Brazil’s Jair Bolsonaro does not concede, but signals cooperation with transfer of power in speech
Brazil’s President Jair Bolsonaro said Tuesday that he would “continue to fulfill all the commandments of our constitution” in a short speech at the presidential palace in Brasilia, after days of silence following his election loss to the leftist former leader Luiz Inacio Lula da Silva.
He did not explicitly concede defeat, though the event appeared to signal his intention to cooperate with the transfer of power.
Taking the podium after the President, chief of staff Ciro Nogueira said that he would work with the new government and is waiting for Lula da Silva’s transition team to begin the handover.
“President Jair Messias Bolsonaro authorized me, when it is time, based on the law, to start the transition process,” Nogueira said.
Notably, Bolsonaro’s brief address did not contest the vote result. Instead, he thanked those who voted for him and hit out at critics. “I have always been labeled undemocratic and, unlike my accusers, I have always played within the four lines of the constitution,” he said.
He did not congratulate Lula da Silva, who won with 50.9% of the vote, while Bolsonaro gained 49.1%.
The President-elect received the most votes in Brazilian history – more than 60 million votes, breaking his own record from 2006 by almost two million votes, according to the election authority’s final tally.
Bolsonaro’s initial silence had contributed to fears that he would not cooperate with the transfer of power, after making unfounded claims prior to the vote about electoral fraud.
While his speech on Tuesday was short, experts speculated the reasons to why he refrained from explicitly conceding or contesting the election result.
“Bolsonaro wants to maintain this illusion that he was wronged, and that’s why he lost. He wants to show strength and in the culture of this movement, admitting you lost is to show weakness,” Brian Winter, the editor in chief of Americas Quarterly, told CNN.
“By saying that he’s going to respect the Constitution and by discouraging violence at some of the protests that have been happening, I think that (Bolsonaro) essentially paves the way now for a relatively normal transition,” Winter said.
Bruna Santos, a senior advisor at the Wilson Institute’s Brazil Center, said Bolsonaro was likely thinking of the long-term future of his movement.
“Bolsonarismo is a strong opposition force and got even stronger after this election despite Bolsonaro’s loss,” she said.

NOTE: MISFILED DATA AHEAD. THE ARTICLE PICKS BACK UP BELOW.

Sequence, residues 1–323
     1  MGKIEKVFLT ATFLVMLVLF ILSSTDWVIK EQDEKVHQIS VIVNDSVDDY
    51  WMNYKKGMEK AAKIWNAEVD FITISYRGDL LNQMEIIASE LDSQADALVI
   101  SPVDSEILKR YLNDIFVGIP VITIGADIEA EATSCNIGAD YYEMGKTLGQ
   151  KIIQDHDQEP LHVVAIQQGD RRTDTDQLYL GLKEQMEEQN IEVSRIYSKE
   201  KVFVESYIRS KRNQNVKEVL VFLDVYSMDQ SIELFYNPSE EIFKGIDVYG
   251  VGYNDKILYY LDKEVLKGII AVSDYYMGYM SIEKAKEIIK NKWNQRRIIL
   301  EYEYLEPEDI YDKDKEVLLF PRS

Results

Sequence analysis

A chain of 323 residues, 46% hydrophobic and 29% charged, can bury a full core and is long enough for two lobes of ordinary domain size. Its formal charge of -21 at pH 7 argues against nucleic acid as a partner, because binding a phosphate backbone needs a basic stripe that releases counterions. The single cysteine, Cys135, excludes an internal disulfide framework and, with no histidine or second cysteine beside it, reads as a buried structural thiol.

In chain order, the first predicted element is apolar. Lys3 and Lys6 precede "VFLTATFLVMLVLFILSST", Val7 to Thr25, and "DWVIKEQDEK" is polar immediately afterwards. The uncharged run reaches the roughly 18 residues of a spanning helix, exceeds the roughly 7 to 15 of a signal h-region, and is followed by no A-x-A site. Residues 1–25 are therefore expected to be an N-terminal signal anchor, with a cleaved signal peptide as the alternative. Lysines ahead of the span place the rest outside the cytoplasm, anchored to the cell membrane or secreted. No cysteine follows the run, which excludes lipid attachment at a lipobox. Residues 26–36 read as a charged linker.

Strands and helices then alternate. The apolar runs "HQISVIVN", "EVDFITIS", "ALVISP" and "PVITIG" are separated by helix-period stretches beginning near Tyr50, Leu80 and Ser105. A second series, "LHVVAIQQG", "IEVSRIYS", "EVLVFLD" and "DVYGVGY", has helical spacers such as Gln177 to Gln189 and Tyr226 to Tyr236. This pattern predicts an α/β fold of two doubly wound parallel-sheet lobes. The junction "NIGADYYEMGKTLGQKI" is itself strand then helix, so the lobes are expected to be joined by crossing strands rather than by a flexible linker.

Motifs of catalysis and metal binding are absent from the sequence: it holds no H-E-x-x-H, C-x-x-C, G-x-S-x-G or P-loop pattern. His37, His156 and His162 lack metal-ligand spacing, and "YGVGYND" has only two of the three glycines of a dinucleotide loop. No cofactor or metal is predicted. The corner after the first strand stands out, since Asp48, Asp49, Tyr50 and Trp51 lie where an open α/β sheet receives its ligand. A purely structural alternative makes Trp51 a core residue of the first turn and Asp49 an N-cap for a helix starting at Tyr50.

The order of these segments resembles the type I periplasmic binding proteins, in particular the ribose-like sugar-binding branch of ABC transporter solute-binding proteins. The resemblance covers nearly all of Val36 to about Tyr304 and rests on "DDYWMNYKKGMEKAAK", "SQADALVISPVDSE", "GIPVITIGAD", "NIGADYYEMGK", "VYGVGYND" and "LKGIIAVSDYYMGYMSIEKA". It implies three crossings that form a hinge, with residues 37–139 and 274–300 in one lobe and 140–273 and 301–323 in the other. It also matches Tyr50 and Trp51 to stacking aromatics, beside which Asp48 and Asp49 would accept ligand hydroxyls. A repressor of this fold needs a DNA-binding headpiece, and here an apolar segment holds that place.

In the last legislative elections, Bolsonaro’s Liberal Party increased its representatives in the lower house from 76 to 99, while in the Senate it doubled from seven members to 14. Though Lula da Silva’s Workers’ Party has also increased representation in both houses, conservative-leaning politicians will dominate the next legislature overall.
Brazilian lawmakers and some Bolsonaro allies have already recognized Lula da Silva’s win. Brazilian Senate President Rodrigo Pacheco publicly congratulated Lula da Silva and his supporters, as has Chamber of Deputies President Arthur Lira – a close Bolsonaro ally.
Some pro-Bolsonaro Telegram groups seemed to take encouragement from Bolsonaro’s speech, which described ongoing protests as “the result of indignation and a feeling of injustice at how the electoral process took place.”
CNN saw messages from supporters lauding Bolsonaro for not accepting defeat, and green lighting protests.
“He didn’t recognize the defeat! He didn’t greet his opponent! He reaffirmed his respect for the Constitution! Let´s go out to the streets, more than ever, safe and certain!” one user wrote.
Protesters have wreaked havoc on the country’s highways since Sunday. Brazil’s highway police said Tuesday morning that protesters had blocked roads at 267 points across the country.
The highway police agency itself has faced criticism within Brazil over its response, after videos circulating on Brazil’s social media appeared to show officers telling protestors that they would not disrupt or shut down their protests.
In a press conference on Tuesday morning, highway police executive director Marco Antonio de Barros defended his agency’s actions, saying clearing the roads was a “complex operation.”
“Groups of up to 500 protesters, with children on their laps, elderly are participating in it. So the PRF had to act with plenty of caution,” he said, using an acronym for the highways agency.
Highway police general inspector Wendel Matos added the institution does not support the protests or the shutdown of federal highways, and that any potential breaches of protocol were being investigated. “Sometimes two or three officers speak or act in a way that is incompatible with our orders. We are investigating if there has been any misconduct by those officers,” Matos said.
After Bolsonaro spoke, Brazil’s Federal Supreme Court said that it was important to emphasize the “President of the Republic’s speech in guaranteeing the right to come and go in relation to blockades, and, when determining the beginning of the transition, in recognizing the result of the elections.”
President-elect Lula da Silva has not commented on the protests, though he expressed disappointment on Sunday evening at Bolsonaro’s initial failure to concede.
The leader of Lula da Silva’s Worker’s Party, Gleisi Hoffman, said on Tuesday that the party was confident protests would not interfere with the eventual transfer of power. “We trust Brazilian institutions,” she said.